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Bird flu virus still a serious threat, despite improved response

The United Nations Food and Agriculture Organization (FAO) warned that although the global response to the deadly H5N1 avian influenza virus has significantly improved over the past few years, the virus remains entrenched in several countries and will continue to spread. 

According to FAO's Chief Veterinary Officer, Joseph Domenech, the virus was rapidly detected and eliminated or controlled in some 15 countries in Asia, Eastern Europe and the Middle East where it was introduced during the past six months. Speaking at a press conference at the agency's headquarters in Rome, he said most affected countries have been very open about new outbreaks. “This shows that countries are taking the H5N1 threat seriously. They are better prepared today and have improved their response systems.” At the same time, Domenech stressed there was no room for complacency, and said a potential human influenza pandemic could not be ruled out as long as the virus continued to exist in poultry.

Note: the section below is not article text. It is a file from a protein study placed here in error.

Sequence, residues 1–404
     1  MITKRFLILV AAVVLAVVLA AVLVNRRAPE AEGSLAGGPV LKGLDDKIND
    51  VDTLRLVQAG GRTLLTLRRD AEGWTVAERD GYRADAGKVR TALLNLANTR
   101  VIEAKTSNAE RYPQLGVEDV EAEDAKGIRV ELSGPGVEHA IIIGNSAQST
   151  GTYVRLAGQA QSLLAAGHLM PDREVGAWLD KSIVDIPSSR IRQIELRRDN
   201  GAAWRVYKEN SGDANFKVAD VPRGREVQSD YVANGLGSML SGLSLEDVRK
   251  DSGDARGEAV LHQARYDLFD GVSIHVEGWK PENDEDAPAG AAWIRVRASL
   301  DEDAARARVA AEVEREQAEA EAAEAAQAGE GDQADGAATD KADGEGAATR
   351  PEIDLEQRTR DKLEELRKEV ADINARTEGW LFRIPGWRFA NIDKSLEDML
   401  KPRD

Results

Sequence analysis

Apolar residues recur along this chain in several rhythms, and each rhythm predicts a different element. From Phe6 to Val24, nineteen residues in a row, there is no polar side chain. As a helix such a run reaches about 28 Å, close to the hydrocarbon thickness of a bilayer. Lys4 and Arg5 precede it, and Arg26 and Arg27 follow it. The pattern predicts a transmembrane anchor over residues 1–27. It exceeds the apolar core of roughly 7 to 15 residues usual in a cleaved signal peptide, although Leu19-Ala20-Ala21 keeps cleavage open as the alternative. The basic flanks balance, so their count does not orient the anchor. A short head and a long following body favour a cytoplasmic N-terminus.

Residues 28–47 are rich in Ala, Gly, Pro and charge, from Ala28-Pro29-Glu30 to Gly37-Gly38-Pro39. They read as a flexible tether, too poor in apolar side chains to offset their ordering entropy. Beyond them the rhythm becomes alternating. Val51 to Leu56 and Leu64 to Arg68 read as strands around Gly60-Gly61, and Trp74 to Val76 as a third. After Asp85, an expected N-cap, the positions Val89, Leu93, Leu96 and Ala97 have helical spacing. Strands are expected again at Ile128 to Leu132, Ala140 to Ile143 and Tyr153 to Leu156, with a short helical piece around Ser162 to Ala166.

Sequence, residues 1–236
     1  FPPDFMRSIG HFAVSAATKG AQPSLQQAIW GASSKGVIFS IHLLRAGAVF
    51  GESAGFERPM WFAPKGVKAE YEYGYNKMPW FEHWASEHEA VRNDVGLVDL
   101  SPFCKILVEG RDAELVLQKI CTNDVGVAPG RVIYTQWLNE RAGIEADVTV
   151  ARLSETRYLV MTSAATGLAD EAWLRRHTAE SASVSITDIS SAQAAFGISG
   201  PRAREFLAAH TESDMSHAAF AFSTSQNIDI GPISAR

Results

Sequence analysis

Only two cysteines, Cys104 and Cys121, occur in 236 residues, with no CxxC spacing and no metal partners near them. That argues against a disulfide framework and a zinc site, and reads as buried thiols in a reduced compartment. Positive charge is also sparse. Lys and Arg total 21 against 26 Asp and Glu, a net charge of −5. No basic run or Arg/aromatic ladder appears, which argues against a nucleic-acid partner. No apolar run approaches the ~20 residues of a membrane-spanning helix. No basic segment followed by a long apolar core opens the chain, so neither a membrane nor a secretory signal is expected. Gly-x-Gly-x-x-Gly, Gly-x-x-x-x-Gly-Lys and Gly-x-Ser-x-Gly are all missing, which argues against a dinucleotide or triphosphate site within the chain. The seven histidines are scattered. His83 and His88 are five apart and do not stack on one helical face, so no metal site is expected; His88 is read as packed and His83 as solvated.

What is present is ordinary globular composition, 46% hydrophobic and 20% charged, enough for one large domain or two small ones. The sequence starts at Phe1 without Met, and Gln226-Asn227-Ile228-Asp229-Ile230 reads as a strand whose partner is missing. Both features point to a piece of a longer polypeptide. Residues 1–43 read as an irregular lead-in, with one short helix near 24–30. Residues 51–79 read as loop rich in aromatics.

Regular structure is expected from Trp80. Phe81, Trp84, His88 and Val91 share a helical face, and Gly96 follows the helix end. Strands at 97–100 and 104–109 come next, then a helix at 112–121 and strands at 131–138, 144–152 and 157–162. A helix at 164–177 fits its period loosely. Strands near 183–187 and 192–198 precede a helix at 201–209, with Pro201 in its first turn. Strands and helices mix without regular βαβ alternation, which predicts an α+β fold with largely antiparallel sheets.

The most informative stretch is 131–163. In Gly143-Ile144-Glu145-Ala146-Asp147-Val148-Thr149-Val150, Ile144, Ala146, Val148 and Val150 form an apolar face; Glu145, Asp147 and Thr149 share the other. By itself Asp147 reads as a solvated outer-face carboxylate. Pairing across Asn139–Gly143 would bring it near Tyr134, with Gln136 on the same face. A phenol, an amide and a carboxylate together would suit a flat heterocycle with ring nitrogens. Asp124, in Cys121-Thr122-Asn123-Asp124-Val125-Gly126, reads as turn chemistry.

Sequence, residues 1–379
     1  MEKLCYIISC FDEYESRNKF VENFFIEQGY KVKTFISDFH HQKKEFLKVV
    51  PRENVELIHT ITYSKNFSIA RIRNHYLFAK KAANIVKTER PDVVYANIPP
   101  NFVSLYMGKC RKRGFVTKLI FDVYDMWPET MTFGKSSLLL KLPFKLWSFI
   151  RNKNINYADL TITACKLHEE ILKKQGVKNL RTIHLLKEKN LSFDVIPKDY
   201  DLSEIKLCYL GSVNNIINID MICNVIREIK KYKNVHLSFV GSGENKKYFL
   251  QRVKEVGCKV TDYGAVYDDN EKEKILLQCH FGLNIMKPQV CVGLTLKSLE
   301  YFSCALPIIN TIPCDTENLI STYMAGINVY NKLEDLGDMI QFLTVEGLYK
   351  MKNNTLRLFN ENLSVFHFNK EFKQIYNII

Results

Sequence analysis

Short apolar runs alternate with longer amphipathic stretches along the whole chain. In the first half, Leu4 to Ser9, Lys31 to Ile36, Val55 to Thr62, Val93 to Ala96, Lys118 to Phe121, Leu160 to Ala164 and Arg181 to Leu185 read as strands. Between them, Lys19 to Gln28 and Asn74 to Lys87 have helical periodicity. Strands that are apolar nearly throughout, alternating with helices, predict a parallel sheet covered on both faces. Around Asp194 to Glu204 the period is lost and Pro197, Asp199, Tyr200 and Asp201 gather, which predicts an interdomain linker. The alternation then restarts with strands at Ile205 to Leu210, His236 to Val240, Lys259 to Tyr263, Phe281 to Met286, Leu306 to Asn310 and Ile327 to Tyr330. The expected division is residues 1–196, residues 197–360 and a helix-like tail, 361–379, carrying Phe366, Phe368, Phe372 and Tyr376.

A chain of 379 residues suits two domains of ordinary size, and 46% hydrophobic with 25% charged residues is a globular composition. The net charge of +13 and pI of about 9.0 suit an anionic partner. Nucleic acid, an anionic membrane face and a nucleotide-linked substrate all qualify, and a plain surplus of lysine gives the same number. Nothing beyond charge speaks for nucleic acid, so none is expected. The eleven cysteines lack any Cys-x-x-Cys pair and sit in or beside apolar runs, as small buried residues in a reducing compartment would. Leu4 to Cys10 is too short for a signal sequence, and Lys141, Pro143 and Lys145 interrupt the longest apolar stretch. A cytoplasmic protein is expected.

Recent H5N1 outbreaks in Bangladesh, Ghana, Togo, Czech Republic and Germany are a clear reminder that the virus is spreading to new or previously infected countries, he said, adding that the situations in Egypt, Indonesia and Nigeria are particularly serious. FAO says containing and eradicating the virus will require a long-term financial and political commitment from Governments, including modifying or changing high risk poultry production and marketing practices to ensure safer supply. “Even if bird flu has disappeared from our TV screens, it doesn't mean that the risk is over,” Domenech stated. “Avian influenza is not a one-time event, the international community will have to live with the disease for several years to come.”

To date, 315 people from a dozen countries have been infected with the virus, resulting in 191 deaths. More than 200 million birds have died from either the virus or preventive culling in the current outbreak. (